How Brain Cancer Made Me A Better Leader

- - Resources

This is the story of Nathan Sexton who is vice president of business intelligence, bellhops. Where many scared and wish they never suffer from the life-threatening disease like cancer, Nathan fought bravely and emerged as a leader both in his life and career. Cancer and the process of treatment have completely changed his life and mentality.

From Nathan’s Pen

June 4, 2015, was a day that brought drastic changes in my life when I encountered the number of rounds of chemotherapy. My life took a sudden change about which I had never imagined. But the change was for the better future that made me a better leader.

Fourteen months earlier June 4

In Chattanooga, Tennessee Right before fourteen months began a startup company in the times of odd. I began his company with only 13 employees. It was a new experience for both me and my wife as we became parents for the first time and sudden switch in career had cut my income to half.  I was not much aware of the management. I had little customer experience, but I was ready to serve the best.

On The first day of my work at bellhops, I was nervous but excited at the same time. My crew was small, but I had big goals in life. My aim was high as I want everyone to work with excitement and fun, bring ideas and feel passionate about work. And since the part-time employees were incredible my work picked up speed.  But all this was not sufficient to achieve the goal; I wanted to learn how to manage to become a good mentor and a leader.

To learn how to manage I started reading books. I began with “delivering happiness” book by Tony Hsieh who is a chief executive of zappo. The book sought out to be a great help for me. It advocated me in the customer-centric culture and also taught me how to deal with the hardships of life and how to be a leader in a workplace. The book brought a change in me, and anyone who works at bellhops should read it, the book left such a great impact on my mind.

The bellhop was growing, and so did my team and career. I got many promotions and finally landed in the position of vice president. I became successful in raising fund, expanding services by early 2015 to 90 American cities. The office moved to a new space that was a posh area and soon we were at the top of the world.

A day that changed my life- June 4, 2015

The first day of new office, I was very happy, and a grand celebration was organized for the entire team. Everything was perfect until the last moment, but I collapsed at the party. On the second morning, I woke up in hospital. A tube was running down to my throat; I was much disoriented seeing myself in such a position. I asked to nurse what happened. The answer of a nurse was deeply set in his mind that I still remember it. I had gone through an MRI because a ball size mass was found in his brain which was continuously growing. But the condition was operable however the surgery should be done as soon as possible.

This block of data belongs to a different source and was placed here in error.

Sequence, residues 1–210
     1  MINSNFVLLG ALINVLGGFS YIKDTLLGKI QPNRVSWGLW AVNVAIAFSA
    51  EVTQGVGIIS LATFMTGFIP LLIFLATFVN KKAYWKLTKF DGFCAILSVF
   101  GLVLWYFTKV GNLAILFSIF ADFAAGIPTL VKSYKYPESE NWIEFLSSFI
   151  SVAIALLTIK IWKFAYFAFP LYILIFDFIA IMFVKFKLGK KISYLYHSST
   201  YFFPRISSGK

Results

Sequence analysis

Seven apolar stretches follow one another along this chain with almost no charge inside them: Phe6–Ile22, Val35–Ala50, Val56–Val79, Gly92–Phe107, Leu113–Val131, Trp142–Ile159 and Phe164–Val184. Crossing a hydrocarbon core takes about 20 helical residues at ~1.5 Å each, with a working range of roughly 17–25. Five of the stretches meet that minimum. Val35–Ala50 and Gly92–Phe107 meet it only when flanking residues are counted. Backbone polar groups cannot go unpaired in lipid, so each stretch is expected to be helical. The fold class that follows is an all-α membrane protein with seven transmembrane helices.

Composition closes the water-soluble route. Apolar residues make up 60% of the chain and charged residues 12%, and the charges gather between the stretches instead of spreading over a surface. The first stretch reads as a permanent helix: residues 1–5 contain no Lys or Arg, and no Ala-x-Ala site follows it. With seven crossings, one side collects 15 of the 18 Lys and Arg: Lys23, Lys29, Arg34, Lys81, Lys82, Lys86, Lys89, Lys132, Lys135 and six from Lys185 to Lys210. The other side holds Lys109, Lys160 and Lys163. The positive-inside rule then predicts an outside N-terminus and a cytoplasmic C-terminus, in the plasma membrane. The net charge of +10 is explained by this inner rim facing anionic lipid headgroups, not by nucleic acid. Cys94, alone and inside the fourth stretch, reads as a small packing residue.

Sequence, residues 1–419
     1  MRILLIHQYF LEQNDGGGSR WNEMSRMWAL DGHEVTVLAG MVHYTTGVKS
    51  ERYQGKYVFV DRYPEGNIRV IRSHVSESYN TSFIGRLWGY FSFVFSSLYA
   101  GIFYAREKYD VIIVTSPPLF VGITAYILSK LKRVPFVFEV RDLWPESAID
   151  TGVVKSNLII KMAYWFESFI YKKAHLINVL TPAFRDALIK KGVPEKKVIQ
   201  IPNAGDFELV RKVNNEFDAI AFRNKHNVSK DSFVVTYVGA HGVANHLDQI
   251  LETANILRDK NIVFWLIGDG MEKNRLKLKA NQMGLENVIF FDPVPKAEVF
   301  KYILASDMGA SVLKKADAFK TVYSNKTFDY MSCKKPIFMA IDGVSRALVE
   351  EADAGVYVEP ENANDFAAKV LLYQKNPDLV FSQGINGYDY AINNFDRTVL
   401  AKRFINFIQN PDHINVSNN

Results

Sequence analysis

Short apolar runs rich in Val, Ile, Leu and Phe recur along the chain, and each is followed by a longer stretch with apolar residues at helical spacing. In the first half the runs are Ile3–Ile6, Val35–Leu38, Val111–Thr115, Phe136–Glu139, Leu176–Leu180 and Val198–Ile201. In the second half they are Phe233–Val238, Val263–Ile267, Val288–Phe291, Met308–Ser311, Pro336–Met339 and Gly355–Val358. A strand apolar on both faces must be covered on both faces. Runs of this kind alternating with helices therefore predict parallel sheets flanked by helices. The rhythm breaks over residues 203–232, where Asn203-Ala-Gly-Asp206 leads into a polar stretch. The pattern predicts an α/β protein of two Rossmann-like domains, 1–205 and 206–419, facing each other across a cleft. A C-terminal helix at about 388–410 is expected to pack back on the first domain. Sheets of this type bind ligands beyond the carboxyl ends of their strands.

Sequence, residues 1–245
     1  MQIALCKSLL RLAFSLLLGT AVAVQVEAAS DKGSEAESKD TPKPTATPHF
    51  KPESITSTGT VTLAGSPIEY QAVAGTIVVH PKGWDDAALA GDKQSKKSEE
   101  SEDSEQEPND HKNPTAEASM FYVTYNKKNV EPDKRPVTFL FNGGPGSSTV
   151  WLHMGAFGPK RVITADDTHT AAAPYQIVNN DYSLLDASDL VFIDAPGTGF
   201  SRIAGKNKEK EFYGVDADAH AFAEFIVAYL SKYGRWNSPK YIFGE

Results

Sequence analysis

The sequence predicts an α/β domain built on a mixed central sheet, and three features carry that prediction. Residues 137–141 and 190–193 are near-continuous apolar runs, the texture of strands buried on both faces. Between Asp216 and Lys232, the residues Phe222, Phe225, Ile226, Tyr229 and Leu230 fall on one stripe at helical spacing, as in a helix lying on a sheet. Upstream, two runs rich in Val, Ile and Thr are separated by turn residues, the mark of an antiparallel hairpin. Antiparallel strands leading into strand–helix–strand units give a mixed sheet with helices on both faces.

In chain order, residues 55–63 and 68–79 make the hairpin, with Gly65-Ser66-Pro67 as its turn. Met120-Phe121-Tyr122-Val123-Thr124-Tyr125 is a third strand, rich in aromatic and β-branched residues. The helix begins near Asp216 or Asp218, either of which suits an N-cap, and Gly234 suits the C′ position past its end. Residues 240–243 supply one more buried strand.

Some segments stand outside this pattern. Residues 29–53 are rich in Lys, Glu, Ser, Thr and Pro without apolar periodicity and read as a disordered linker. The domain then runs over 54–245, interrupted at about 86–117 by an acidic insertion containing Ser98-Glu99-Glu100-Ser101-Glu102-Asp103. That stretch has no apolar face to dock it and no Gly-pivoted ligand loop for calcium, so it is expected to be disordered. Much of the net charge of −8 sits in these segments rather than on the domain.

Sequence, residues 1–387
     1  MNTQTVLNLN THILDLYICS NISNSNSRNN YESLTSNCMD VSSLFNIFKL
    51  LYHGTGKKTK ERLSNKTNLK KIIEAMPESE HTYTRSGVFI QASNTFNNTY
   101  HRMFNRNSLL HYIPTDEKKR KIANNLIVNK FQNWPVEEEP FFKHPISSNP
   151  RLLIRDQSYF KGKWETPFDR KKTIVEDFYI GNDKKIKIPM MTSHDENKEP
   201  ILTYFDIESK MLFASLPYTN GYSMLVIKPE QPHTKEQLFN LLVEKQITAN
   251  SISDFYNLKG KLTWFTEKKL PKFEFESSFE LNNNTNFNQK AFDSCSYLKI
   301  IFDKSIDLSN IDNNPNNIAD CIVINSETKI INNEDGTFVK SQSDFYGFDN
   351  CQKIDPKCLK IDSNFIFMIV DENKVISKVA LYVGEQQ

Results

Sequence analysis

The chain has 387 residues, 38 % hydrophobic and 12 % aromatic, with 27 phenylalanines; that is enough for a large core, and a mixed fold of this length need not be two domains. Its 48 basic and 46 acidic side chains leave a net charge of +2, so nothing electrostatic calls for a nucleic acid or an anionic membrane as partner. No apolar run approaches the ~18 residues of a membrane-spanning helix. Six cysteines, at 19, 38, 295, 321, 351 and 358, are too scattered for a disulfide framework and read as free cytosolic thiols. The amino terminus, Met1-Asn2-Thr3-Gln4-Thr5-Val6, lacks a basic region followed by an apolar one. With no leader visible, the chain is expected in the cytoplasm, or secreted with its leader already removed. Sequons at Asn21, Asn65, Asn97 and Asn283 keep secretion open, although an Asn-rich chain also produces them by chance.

I went to Vanderbilt University medical center, Nashville for surgery. Almost 95% of the tumor was removed, but few portions were still left behind. After a couple of weeks, my surgery’s report came out that again left me disoriented. He was having grade 4 glioblastoma multiforme, a non-diagnosis one that spreads faster. But I didn’t lose hope.

The brain was healing from surgery, and soon he was ready for radiation and chemotherapy that was a six-week course. After the course, I was able to perform work but only for a limited duration that was 20 hours a week. This gave me a different environment in the midst of hospital since I love my job. The bellhop was like a second family for me. After radiation, I had undergone chemotherapy which was going to take 12 months.

I am now at six months of my journey, and the third cycle of chemo is going on. I am back to my normal life and excited to head up my business and intelligence team. All through which I went through has taught me so much. I learned how to deal the problematic situations of life. I was jealous of my teammates in the beginning, but this incident had changed my mind. I learned to trust my teammates.

It was almost difficult to give away my legos before June 4. But after that incident, I was left with no choice other than giving them up. After leaving them, everything was okay, and I was feeling better. My customer enthusiast team is now better than before. The whole experience taught me that one should trust teammates when working in a team. Teamwork is all about trust and empowering each other. Only then one can achieve greater heights.

After returning from the whole incident now, I can focus more and work for company’s progress. I learned many things such as how to delegate, how to build relationships with colleagues. I have adopted changes in my life. Now, my focus is more on serving others and bringing more benefit to them rather than for myself. Today, I enjoy working with others can I do whatever I can for them and company.

Now I follow words of Richard Branson that once I heard in an interview back in 2014. If a person is loyal towards his company, then give him tools to work, treat them well, and they will work for taking your business to greater heights. They will be happy. I do whatever it takes to make bellhops feel proud, what my teammates need to succeed, to treat them well than anywhere else they would be treated. My goal is now to work for others and my family. And surely Brain cancer has made me a better leader.

An engineer by education and an entrepreneur by choice. Asish is a TCS Best Student Awardee, NDTV featured student entrepreneur and International School of Entrepreneurship Education awardee. He also worked with many startups and big companies for their business development and strategical growth. Asish has been heading The Startup Journal since its inception in 2014.